This leads me to share my recent fascination with George Lakoff and his teachings in cognitive linguistics and neuroscience. Please watch this video:

Arts education is a big deal:

“Need more innovation? Big ideas come from neural simulation: Reading, thinking, putting things together. Not just doing math and science. These don’t train the imagination in that way. Training people to innovate requires reading and learning about the arts”

What does this mean?

Lakoff explains that to understand why arts education is important, we need to understand how the brain works.

The same part of the brain is used when you imagine something as when you are actually doing it, which can be explained by mirror neurons.

This is called simulation: Engaging mirror neurons to understand and connect with other people and the world and becoming a part of those things. Imagining things that don’t exist in the world but that you could experience through reading poetry, understanding language, seeing a play, visual art, or dance, for example.

Simulation is how we innovate by putting ideas together (ideas being physical circuits in our brain). And innovation is only possible by engaging mirror neurons allowing us to connect with other people and the world around us empathetically, through exposure to the arts.


KEY CONCEPT #6: Exposure to the arts helps us become better at innovation and allows us to connect with other people and world around us- Things we don’t learn from math and science. 

Innovation, new ideas, collaboration and getting along with other people, requires exposure to the arts, and it is sad to see things being cut from schools that provide this experience of simulation: Recess, arts, gym class, things that allow us to embody information and empathize with each other.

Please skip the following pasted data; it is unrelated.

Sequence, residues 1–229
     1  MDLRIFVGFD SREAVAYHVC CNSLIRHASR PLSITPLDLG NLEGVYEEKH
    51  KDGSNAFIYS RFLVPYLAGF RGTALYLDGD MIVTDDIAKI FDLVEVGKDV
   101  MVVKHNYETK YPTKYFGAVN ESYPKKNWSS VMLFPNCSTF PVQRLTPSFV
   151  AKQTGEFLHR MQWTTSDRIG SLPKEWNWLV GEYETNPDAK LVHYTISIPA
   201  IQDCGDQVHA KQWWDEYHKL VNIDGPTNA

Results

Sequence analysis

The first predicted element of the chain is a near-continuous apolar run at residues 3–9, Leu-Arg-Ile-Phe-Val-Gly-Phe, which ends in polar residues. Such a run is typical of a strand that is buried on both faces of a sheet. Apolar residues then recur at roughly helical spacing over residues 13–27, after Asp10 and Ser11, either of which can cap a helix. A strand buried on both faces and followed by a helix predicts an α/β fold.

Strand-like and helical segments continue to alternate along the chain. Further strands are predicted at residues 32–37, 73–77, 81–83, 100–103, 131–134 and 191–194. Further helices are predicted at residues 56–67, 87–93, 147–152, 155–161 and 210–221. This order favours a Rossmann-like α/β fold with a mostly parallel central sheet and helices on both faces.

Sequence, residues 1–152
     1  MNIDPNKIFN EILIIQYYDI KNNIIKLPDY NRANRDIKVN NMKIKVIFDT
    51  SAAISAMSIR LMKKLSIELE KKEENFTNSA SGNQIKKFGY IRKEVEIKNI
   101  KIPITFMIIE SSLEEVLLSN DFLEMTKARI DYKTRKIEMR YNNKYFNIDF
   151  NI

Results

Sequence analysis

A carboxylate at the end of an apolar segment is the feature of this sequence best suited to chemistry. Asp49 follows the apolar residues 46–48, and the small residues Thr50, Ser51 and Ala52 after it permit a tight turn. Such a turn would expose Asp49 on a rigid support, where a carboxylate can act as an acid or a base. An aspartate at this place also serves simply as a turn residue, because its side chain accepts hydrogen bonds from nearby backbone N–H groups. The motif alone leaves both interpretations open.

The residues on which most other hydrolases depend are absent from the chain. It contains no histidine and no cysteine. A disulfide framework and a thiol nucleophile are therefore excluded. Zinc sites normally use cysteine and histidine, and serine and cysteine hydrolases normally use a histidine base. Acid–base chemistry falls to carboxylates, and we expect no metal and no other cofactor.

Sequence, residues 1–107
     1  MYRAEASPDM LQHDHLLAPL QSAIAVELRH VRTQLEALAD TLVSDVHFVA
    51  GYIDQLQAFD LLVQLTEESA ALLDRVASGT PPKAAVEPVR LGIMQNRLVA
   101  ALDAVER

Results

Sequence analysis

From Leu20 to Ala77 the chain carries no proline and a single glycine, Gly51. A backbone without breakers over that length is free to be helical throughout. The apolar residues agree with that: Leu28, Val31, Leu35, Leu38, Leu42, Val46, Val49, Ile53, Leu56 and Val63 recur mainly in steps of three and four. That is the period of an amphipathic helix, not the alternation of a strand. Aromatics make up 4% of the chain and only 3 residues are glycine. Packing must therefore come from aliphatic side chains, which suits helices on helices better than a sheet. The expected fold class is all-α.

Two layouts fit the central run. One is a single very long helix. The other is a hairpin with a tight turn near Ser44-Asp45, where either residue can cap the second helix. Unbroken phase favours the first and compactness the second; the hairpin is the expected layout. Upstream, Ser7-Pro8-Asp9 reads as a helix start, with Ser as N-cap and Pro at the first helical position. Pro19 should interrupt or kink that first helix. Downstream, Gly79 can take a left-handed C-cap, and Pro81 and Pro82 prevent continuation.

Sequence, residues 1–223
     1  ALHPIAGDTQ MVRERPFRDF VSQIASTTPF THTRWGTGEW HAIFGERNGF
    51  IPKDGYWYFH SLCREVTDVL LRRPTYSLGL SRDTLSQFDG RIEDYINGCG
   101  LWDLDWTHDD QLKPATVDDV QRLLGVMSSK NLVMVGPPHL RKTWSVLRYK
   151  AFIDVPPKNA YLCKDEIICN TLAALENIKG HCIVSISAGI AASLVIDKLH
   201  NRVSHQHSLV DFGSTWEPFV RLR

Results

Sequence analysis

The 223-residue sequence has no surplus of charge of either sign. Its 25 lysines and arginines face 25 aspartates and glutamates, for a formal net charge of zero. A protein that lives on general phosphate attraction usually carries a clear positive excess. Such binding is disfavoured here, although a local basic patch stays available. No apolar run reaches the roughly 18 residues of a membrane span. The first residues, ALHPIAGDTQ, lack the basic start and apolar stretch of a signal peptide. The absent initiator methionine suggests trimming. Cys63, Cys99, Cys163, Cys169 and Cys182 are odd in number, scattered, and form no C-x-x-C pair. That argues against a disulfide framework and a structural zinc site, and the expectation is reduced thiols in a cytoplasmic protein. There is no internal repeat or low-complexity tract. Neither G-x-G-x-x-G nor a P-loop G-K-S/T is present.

Politicians need to understand this.

Some schools want to cut recess, because BEARS!

And maybe dance scientists are so badass because they have the killer combination of arts and science together. Dance scientists may be the innovators we need to change the dance educational paradigm.

I wasn’t expecting to come to these conclusions.

Sometimes I surprise myself.

It appears that to make space in a dancer’s training for supplemental strategies to support their well-being, we need to speak with the governing bodies who dictate who can research and provide evidence on these matters.

This information then needs to be distributed to parents, and advocates of dancers and the arts, who need to express themselves effectively to their communities, convincing the government to allot more funds to allow dance schools and programs the space within their budget and schedule to educate and train dance teachers on how to convey these important ideas, who will then be able to reach the dancers.

And the resources can finally reach the peasants.

To support the dancer is a mission requiring the interdependent cooperation of many, all of whom have an important role to play.

I’m caught in a paradox, and I don’t know how to get out.

I believe that dancers must understand how to take care of themselves and be self-efficacious. No one can fix them and care for them but themselves.

I learned this the hard way.

But self-efficacy must be learned, as with any other skill, and unless we create a pathway to get the information to dancers and teach them how to care and advocate for themselves, it will be impossible for them to learn unless through injury.

Case in point: My life. And the reason this blog exists.

KEY CONCEPT #7: Self-efficacy, self-care, and self-advocacy are skills dancers should be able to learn with the proper educational paradigm, before injury, which is often too late. 

So I guess to wrap this up, please, if you are voting age, let’s support dancers and their needs, and arts education in general, by electing a government that funds the arts, and the sciences that support the arts.

We can start by doing something about this guy: